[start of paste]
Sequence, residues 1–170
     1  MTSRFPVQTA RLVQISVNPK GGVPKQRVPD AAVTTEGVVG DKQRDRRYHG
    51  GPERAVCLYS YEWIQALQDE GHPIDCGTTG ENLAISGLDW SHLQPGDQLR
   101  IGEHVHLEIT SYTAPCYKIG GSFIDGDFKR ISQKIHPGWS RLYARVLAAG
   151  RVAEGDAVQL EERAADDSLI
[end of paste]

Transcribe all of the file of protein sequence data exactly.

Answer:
Sequence, residues 1–170
     1  MTSRFPVQTA RLVQISVNPK GGVPKQRVPD AAVTTEGVVG DKQRDRRYHG
    51  GPERAVCLYS YEWIQALQDE GHPIDCGTTG ENLAISGLDW SHLQPGDQLR
   101  IGEHVHLEIT SYTAPCYKIG GSFIDGDFKR ISQKIHPGWS RLYARVLAAG
   151  RVAEGDAVQL EERAADDSLI